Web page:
It is so important to have a good relationship with a client’s classroom teacher, especially if they have word-finding difficulties. The classroom curriculum vocabulary words are his world during the school day and we need to make sure the child is familiar with them and can easily call them up when needed.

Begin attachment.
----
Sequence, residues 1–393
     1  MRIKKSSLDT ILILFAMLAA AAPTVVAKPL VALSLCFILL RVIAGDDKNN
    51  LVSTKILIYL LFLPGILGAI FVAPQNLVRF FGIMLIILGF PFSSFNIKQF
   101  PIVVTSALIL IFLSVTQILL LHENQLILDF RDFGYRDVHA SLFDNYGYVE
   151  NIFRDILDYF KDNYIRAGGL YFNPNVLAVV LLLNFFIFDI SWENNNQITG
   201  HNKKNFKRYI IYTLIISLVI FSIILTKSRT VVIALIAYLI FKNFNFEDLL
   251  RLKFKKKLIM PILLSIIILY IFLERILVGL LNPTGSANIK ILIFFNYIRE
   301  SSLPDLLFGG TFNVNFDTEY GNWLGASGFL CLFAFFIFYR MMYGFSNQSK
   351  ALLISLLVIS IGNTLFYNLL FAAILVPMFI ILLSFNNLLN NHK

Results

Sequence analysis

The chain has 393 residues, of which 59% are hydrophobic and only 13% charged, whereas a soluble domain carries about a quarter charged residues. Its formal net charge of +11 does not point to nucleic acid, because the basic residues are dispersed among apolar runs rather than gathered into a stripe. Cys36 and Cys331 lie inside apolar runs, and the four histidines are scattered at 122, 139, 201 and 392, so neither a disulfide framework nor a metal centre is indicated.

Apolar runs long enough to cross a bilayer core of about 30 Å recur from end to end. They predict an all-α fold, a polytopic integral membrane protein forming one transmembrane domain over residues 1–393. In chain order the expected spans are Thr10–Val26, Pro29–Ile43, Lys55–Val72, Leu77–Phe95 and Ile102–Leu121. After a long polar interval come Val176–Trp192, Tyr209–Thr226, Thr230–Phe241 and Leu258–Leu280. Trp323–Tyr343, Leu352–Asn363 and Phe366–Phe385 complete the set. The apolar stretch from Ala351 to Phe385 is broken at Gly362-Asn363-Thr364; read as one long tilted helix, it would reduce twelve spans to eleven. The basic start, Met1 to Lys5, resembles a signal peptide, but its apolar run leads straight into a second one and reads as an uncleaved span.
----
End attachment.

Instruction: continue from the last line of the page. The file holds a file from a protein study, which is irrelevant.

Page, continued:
I have worked with a range of classroom teachers, most of whom have been incredibly helpful. Recently a first grade teacher gave me a wonderful hand written list of words in their language arts curriculum for me to pre-teach. I so appreciate this and know that it takes extra time on her part. As we were going through the words, defining them, talking about them in context, and making up sentences with them we came to “ripple.” This is where our lesson plan took off in a new direction! As I was trying to define “ripple” for him, I searched the word on my iPhone and hit “images.” We started looking at varied but beautiful images of ripples in water as different numbers of rocks were thrown in the water, with different lighting, stages of the process and different settings. After we defined the word, we described the photographs and then compared how the current picture was different from the last. All of these activities were strengthening his vocabulary, descriptive and comparative skills and confidence in using language. It was such fun to watch his mind work as he got excited about seeing the next image, “He had a leaf and dipped it in the water,” or “That one’s my favorite because it looks like another dimension in the water!” Phew, that was quite a sentence from a guy who used to have some difficulty describing things. “That looks like a sculpture, just painted blue.” You get the idea, he was enjoying being a little abstract all because we happened upon some beautiful photographs of “ripples!”